kNot Today Foundation

Colts coach Frank Reich and his wife, Linda, stand against child exploitation with their Indianapolis-based organization.

Frank and Linda Reich are passionate about what they do. Together, the head coach of the Indianapolis Colts and his wife created kNot Today, an organization directing more awareness and prevention to the sexual abuse, exploitation, and trafficking of children, and the necessity of restoration programs for those who have experienced this trauma.

The “knot” in the organization’s name symbolizes the untying of the knot of a sexual predator’s manipulation that the children are caught up in, says Linda. She explains that crimes against children happen in all communities, at all socioeconomic levels.

“Even though Indiana isn’t a border state, it isn’t an exception,” Linda says. “Throughout our time in the NFL, Coach and I have had the opportunity to travel from coast to coast and see, through community involvement and service, that the problem of children sexual abuse and exploitation is an issue effecting our entire country. We decided to utilize our platform and finances to make an impact in this space.”

Arriving in Indianapolis, Linda and Frank met with a nonprofit organization offering trauma recovery care for teen survivors of trafficking. “We are not a direct service provider,” Linda says. “But our organization functions as a connector bringing about awareness, initiating prevention strategies, and helping organizations — anyone who can possibly help prevent child sexual abuse and trauma. We want to be the umbrella organization and platform for allocating funding and support, and asking, ‘Where is the greatest need, and how can we help?’”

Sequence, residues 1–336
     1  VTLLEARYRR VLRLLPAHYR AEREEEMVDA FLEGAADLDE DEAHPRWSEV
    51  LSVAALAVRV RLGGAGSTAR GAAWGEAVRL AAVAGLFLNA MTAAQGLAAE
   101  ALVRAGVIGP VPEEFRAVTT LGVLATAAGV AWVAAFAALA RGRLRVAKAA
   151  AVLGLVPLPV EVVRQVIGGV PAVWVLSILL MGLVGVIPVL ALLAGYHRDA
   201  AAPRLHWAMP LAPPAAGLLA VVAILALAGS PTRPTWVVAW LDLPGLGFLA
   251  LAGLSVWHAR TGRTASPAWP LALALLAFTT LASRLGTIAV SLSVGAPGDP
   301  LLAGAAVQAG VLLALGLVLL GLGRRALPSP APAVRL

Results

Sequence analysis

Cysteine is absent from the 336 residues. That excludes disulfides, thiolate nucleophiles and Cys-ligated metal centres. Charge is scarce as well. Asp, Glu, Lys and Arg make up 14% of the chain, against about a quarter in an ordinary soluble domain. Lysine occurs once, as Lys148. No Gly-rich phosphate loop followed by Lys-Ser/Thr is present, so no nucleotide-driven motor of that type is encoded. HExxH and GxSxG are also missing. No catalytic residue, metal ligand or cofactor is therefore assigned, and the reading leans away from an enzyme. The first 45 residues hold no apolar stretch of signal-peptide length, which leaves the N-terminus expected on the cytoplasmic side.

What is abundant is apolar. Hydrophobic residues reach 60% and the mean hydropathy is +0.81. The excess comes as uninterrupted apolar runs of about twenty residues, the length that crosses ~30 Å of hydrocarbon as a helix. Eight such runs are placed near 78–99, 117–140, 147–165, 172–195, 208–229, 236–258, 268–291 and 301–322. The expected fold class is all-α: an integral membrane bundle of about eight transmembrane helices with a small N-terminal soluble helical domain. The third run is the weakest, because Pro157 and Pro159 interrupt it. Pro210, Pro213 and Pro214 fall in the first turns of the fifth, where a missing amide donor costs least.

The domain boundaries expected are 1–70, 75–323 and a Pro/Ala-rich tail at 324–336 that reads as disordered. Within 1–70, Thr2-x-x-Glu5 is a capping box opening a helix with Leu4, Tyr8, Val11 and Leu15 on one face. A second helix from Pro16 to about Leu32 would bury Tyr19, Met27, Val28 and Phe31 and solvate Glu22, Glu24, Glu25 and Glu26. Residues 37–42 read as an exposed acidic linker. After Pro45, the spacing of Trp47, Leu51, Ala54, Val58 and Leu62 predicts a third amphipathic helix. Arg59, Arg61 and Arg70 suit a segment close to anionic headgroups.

Eager to help in any way they could, the Reichs asked what the dream list of items needed in a program space would be for the local service provider. Thus, in October 2020, kNot Today dedicated a 17,000 square foot building on the far Eastside of Indianapolis, which they purchased and completely renovated top to bottom. “We said, if we are going to do this, we want to do it excellently to make the greatest impact to help children,” Linda says.

Everything in the structure is state of the art. “We have de-escalation rooms, dance rooms, yoga center rooms and playrooms. We wanted to make a safe space for children to share their experience with their therapist in comfortable settings that would enable them to start the restoration process,” Linda says. “Seventy percent of the building’s construction labor, materials and time were donated by Indianapolis subcontractors. We connected with Compass Construction locally and a national organization called Eight Days of Hope, and the local Indianapolis community, of which we had many, many wonderful organizations and corporations who donated.” The building now serves as kNot Today’s national headquarters, and also program space for local non-profit Ascent 121.

As the pandemic finally begins to wane, the Reichs are very encouraged to see the building coming to life so that children can be healed. “We are trying to make Indianapolis and Indiana shining stars in putting a stop to this tragedy against our nation’s children,” Linda says. kNot Today continues to work to spread awareness and create prevention initiatives in order to Protect the Beauty and Innocence of Childhood.

To learn more about kNOT Today, visit knottoday.org.

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